When it comes to the upcoming changes to IR35 legislation, worker status should not be the only thing on employers’ minds. They also need to consider how any changes could impact background screening, says Caroline Smith.
While the ins and outs of IR35 are hotly debated, many companies, including some large UK-based multinational banks, have already opted for a cautious approach, making public their decision to move away from engaging with contractors through personal service companies (PSCs).
For some organisations, this may mean their HR team is frantically completing the necessary paperwork to turn all of their contract roles into PAYE positions on their company payroll before the legislation comes into force for private sector employers in April.
But in order for this to happen, the contractors first need to agree to their new terms of employment, which may not be favourable for them, particularly regarding tax and NICs.
Many companies may also be reluctant to commit to bringing their contractors in as employees, especially if they make up a significant proportion of their workforce.
This could have significant repercussions for their business, including increased overheads, additional HR resource required to support new employees, new equipment needing to be bought and NICs to be paid by the company for the new workers.
However, the situation is being addressed by the companies affected, it’s important to consider the impact IR35 may have on an employer’s background screening programme.
What’s the difference?
From a legal standpoint, in the UK there are a few key differences between a contractor and an employee.
These include mutuality of obligation (whereby contractors are not required to accept or to be offered work), control (contractors will probably have freedom over the hours they work and set their own schedule) and substitution (when a contractor could hire someone in their own right or get someone else to do the work).
However, in reality, many businesses may have employees and contractors conducting identical roles for their company.
Yet, the background screening process that contractors go through may be less stringent than that of an employee. This could be for a number of reasons, such as:
- The contractor is needed for an urgent project and the company does not have time to process a full background check before they can start.
- The contractor may have refused certain employment checks as completing them may have made their role seem more like that of an employee and not a contractor with possible tax implications.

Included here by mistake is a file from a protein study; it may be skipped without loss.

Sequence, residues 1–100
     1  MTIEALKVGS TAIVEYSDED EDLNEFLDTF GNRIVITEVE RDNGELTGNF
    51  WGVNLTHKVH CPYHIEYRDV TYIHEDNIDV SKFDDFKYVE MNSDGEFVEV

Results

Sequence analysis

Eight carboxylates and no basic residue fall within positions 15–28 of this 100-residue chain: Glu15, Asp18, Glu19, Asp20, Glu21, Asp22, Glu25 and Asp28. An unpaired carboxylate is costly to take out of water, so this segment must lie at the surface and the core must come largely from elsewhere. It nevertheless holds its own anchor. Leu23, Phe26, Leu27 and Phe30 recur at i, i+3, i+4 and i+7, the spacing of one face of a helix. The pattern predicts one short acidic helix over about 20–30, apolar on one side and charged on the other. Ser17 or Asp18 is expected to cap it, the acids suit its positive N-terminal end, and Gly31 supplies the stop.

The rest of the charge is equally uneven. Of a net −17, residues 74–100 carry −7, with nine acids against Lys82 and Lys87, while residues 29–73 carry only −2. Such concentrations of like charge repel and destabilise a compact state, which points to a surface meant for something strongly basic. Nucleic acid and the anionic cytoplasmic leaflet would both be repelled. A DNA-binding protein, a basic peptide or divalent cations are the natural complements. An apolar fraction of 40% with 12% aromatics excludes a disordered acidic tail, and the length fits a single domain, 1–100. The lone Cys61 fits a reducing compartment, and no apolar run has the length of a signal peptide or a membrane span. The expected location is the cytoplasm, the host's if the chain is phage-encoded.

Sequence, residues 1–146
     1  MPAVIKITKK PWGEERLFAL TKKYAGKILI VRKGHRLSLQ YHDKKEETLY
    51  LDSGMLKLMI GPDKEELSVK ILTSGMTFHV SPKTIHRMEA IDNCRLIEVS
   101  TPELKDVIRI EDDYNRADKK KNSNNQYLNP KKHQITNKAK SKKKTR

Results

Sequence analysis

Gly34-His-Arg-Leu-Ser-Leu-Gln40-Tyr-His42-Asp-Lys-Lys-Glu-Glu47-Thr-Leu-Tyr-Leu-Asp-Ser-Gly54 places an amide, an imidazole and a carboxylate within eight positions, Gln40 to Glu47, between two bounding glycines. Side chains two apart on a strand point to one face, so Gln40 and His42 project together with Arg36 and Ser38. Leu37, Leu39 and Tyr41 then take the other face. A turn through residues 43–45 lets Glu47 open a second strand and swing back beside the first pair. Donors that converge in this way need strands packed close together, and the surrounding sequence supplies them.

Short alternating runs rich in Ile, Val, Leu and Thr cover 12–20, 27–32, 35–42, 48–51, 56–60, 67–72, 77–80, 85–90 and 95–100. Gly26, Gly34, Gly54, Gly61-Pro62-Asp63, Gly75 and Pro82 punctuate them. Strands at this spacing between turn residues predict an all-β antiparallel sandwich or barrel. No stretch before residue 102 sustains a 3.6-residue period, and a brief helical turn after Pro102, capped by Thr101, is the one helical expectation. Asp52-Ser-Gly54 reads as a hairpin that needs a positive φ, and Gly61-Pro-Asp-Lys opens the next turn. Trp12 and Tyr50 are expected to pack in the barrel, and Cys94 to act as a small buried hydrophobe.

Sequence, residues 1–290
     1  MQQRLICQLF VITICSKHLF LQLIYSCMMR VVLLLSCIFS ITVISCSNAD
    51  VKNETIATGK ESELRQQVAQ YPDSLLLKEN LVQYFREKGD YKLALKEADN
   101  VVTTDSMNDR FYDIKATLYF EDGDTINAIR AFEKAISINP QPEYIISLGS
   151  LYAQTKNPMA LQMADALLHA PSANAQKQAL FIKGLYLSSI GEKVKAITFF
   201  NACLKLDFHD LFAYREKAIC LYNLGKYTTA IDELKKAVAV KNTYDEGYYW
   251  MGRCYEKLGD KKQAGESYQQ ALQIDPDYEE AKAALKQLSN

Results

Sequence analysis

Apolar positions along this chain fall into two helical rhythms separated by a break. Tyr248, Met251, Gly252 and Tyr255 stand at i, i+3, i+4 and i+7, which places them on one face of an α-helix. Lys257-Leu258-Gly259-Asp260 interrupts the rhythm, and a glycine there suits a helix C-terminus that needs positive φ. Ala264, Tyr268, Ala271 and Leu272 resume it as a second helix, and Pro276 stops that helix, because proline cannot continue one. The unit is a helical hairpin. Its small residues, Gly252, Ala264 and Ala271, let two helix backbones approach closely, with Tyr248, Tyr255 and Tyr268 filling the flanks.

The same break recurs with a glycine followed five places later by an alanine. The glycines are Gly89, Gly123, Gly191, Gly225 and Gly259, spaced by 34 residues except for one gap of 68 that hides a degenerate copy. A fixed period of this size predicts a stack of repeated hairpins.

- To reduce HR admin around the screening process.
- The contractor may only be engaged on a short-term basis and so it is not considered cost-effective to conduct a full background screening.
- The role is working remotely so the perceived risk is less than an employee based in the office.
- The company that the contractor works for conducts their own background screening process that is less rigorous that the company’s own policy.
- The contractor is not a fixed person (for example, a company is contracted to complete the work, but a number of individuals may be sent by the company to complete this work over time).
Assessing the risk
Many companies already use a risk matrix to assess the level of background screening that is proportionate for their workforce.
A risk matrix can be used to split workers into a number of different categories depending on the perceived level of risk, with those in senior positions or with access to financial information typically being screened more rigorously than those in entry-level jobs.
However, contractor roles are not always included in this risk matrix, meaning that existing contractors may have only been subject to a minimal background check, or possibly no check at all.
It’s an area to review, particularly when considering that many contract roles are well-paid highly-skilled specialist roles where the individuals are immediately placed in positions of trust, potentially with access to confidential company information.
Arguably, contract workers could pose a greater threat to a business than its employees do as they are often working independently and unsupervised and could even be contracting for a direct competitor of theirs.
It is advisable to assess the risk of each worker based on their job role, seniority and what is legally permissible and proportionate to screen, not based solely on whether they are an employee or a contractor.
This will help ensure that background screening processes are sufficient to mitigate against the risk that each worker brings to a business.
Background screening and IR35
For companies looking to add current contractors to their payroll and who already conduct pre-employment screening on their new hires, now is the time to think about how to manage this process for soon-to-be employees and how to introduce them to background screening if they’ve not had a background check before.
Given that the legislation around IR35 is due to be implemented (for private sector companies) on 6 April, employers have quite a narrow window to go through the necessary process to transition their freelance workforce to PAYE employees (if this is the path they choose to go down), and also to conduct any pre-employment screening that is needed to ensure that their new employees are screened to an equivalent standard as their existing staff.
If your business currently hires contractors and is going to be affected by IR35, you should consider getting in touch with your background screening provider to discuss how they can support your changing screening needs.
This can help to ensure that your old contractors have all had their information verified to your company’s employment standards before bringing them on board, helping to mitigate your people risk before bringing potentially thousands of new people onto your company’s payroll.